Journey of the Confederate Wounded on the Retreat from Gettysburg

Tom Elmore

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On July 4, 1863, seriously wounded Confederates who could stand the travel during the retreat were placed into army ambulances and wagons (frequently empty forage or ammunition wagons), or even in private conveyances that had been confiscated in Pennsylvania. Below three examples (more to follow later) identify the type of vehicle, the occupants, their regiment and other details. The source is always one of the wounded occupants, as noted. Rarely identified is the teamster who drove the vehicle, although he was usually a member of the same regiment.

The data was pulled together to better understand how the wagon train of wounded was organized, determine the fate of the wounded (whether they recovered to serve again), the segregation of officers from enlisted men, and other details of the journey itself. It is not that common to find sources who mention their travel companions, which I suppose may be attributed to the utter misery of the journey and exhaustion of the occupants, who were just trying to survive a grueling ordeal, all the while facing the threat of attacks by Federal cavalry. It appears the route took them to Williamsport, Maryland by early July 6, and subsequently across the Potomac once the water level dropped, and thence to Winchester, Virginia, with onward travel to either the railroad terminus at Staunton (bound for Richmond), or other hospitals in Virginia.

A. Wagon, carrying five wounded of the 22nd North Carolina Infantry:

Captain Gaston V. Lamb, Company I, wounded by gunshot in both thighs on July 1, his second wound of the war. He was admitted to General Hospital #4 in Richmond on July 21, and was furloughed five months later. Lamb returned to the army and was wounded a third time in the left leg at Jericho Mills on May 23, 1864. He surrendered at Appomattox on April 9, 1865.

Captain Joseph T. Conley, Company B, wounded on July 3. He made it only as far as Winchester, where he died on July 29. His effects, consisting of $13.20, were given to his father.

Second Lieutenant Oliver M. Pike, Company L, wounded by gunshot in right foot on July 1. He was admitted to General Hospital #4 in Richmond on July 21 and two days later was furloughed for 60 days. As of November 15, 1864 he was serving as a conscript officer in North Carolina.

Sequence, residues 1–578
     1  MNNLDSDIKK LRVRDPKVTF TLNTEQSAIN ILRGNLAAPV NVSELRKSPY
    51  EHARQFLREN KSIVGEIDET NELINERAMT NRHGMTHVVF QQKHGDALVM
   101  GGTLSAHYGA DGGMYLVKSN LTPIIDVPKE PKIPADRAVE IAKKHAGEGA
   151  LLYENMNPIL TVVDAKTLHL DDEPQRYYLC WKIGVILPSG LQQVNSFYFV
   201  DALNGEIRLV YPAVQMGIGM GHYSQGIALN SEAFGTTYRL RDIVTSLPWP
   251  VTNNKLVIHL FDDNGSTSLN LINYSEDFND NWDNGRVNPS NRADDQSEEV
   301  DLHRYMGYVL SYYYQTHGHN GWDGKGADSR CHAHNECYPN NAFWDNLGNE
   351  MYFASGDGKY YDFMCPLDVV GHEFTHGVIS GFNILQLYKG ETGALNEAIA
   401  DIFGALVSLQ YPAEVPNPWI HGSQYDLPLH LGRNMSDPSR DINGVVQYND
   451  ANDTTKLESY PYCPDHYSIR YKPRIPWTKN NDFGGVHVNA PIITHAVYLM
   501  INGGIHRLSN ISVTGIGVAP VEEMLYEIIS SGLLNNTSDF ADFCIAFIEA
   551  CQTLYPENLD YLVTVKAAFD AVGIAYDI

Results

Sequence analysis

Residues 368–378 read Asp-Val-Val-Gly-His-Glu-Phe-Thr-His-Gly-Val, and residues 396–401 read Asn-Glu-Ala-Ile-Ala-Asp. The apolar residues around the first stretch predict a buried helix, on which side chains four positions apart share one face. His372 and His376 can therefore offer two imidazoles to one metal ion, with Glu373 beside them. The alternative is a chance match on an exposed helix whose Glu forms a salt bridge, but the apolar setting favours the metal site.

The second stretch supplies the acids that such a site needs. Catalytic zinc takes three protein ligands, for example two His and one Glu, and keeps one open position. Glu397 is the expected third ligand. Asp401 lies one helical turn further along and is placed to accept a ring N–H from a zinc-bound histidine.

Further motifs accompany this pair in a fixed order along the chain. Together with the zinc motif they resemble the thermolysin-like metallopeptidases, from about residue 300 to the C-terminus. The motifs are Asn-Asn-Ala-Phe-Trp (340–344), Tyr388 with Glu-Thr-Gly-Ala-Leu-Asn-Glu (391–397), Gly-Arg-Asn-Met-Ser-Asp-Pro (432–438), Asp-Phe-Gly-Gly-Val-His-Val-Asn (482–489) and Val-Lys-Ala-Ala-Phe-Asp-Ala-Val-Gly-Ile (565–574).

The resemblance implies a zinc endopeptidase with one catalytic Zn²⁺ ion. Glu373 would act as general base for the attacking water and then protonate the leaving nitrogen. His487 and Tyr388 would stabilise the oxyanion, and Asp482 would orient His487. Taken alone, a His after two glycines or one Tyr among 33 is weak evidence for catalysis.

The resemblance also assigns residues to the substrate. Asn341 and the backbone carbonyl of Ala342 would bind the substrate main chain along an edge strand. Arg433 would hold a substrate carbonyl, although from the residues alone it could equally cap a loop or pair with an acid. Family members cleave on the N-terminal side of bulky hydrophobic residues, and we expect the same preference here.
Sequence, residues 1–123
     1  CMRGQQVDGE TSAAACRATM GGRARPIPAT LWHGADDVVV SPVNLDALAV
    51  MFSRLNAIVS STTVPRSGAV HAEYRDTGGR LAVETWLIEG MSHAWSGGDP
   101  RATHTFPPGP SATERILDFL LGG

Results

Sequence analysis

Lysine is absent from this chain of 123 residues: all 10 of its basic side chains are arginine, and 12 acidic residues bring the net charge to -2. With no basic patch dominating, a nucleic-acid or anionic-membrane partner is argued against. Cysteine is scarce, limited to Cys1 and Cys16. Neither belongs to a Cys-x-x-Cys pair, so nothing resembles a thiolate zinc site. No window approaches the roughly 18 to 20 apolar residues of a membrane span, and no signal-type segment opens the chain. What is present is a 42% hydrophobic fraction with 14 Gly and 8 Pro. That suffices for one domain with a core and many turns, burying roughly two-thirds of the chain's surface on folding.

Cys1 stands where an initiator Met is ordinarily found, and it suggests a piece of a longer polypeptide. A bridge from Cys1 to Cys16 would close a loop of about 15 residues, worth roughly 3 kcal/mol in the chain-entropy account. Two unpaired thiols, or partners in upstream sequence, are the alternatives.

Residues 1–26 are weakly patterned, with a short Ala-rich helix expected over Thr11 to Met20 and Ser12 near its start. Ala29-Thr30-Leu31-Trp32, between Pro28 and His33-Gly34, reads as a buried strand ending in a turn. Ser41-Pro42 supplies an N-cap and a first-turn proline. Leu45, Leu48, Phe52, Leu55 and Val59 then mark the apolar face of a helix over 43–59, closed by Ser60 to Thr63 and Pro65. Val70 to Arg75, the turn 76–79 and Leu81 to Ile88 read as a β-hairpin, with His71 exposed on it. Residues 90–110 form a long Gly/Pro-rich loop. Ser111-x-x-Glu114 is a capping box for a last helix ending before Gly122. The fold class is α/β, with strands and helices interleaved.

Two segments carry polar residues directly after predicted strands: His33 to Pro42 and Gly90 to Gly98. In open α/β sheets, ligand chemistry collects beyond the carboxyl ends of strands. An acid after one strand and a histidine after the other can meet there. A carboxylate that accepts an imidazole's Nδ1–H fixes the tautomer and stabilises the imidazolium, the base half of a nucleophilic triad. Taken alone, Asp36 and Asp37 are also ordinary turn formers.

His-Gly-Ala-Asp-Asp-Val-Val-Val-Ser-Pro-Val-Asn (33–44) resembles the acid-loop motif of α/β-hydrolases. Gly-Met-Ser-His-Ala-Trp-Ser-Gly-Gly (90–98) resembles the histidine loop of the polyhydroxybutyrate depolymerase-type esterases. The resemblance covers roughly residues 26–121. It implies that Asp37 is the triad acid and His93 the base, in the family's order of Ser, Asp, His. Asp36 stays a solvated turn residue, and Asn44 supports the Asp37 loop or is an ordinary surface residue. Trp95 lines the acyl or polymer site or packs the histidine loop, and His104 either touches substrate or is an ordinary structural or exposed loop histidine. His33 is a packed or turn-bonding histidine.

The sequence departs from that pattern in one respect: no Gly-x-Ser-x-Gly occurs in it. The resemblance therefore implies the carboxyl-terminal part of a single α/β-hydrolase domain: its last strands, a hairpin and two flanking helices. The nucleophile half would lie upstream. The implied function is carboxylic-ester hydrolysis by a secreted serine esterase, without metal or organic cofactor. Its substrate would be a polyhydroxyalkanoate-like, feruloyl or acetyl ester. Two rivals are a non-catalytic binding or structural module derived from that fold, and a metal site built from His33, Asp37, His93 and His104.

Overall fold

Sergeant William W. Cunningham, Company H, wounded on July 1. He was captured in a hospital in Jordan Springs, Virginia on July 26, and died on July 31.

Private A. J. (Aurelius James) Dula, Company A, wounded on July 2 by a shell in both legs and by another shell fragment in the foot, while lying down in the line of battle. Assistant Surgeon Benjamin A. Cheek gave Dula a choice of going back in a wagon or staying behind to be captured. He elected to ride. Dula said they received nothing to eat or drink until they arrived in Williamsport on July 6. Late the same afternoon, while the teamster’s fight was in progress nearby, Dula crawled out of his wagon and onto the ferry boat to cross the Potomac. He was admitted to Chimborazo Hospital #5 in Richmond on July 15 and transferred to Raleigh on July 28. Dula returned to the army and was captured at Jerusalem Plank Road on June 22, 1864. He was exchanged at Boulware’s Wharf on February 20, 1865. He recalled his experiences in 1908.

(Sources: Private A. J. Dula, Civil War Incidents, Old Fort, North Carolina, September 22, 1908, Duke University Libraries, Special Collections, Section A; Compiled Service Records; John and Travis Busey, Confederate Casualties at Gettysburg)

B. Wagon, carrying six wounded, all from Company H, 4th Texas Infantry:

Private Zack Landrum, shot through the thigh above the knee on July 2, received at General Hospital #9 in Richmond on July 24, but it seems all of the Texans were soon forwarded to the Texas Hospital in Richmond. Zack wrote letters to his mother from Winchester, Virginia on July 15, and from Richmond on August 24, noting that he and five others from his company rode in a wagon to Williamsport. They drove without stopping or anything to eat. Landrum continued the journey to Winchester in an ambulance. He was admitted to General Hospital #9 in Richmond on July 24. Landrum did not identify his five comrades, but the following four from his company were probably with him until Williamsport:

Private F. G. King, severely wounded in the shoulder, received at General Hospital #9 in Richmond on July 19. King was present with his regiment by early 1864.

Private Robert Rankin, finger shot off, received at General Hospital #9 in Richmond on July 19. He eventually returned to his regiment.

Private James H. Sharp, contusion of the foot, received at General Hospital #9 in Richmond on July 19. He was killed June 22, 1864 in the trenches before Petersburg.

Private John H. Talliaferro, gunshot wound in the thigh, received at General Hospital #9 in Richmond on July 15. He was honorably retired on July 8, 1864.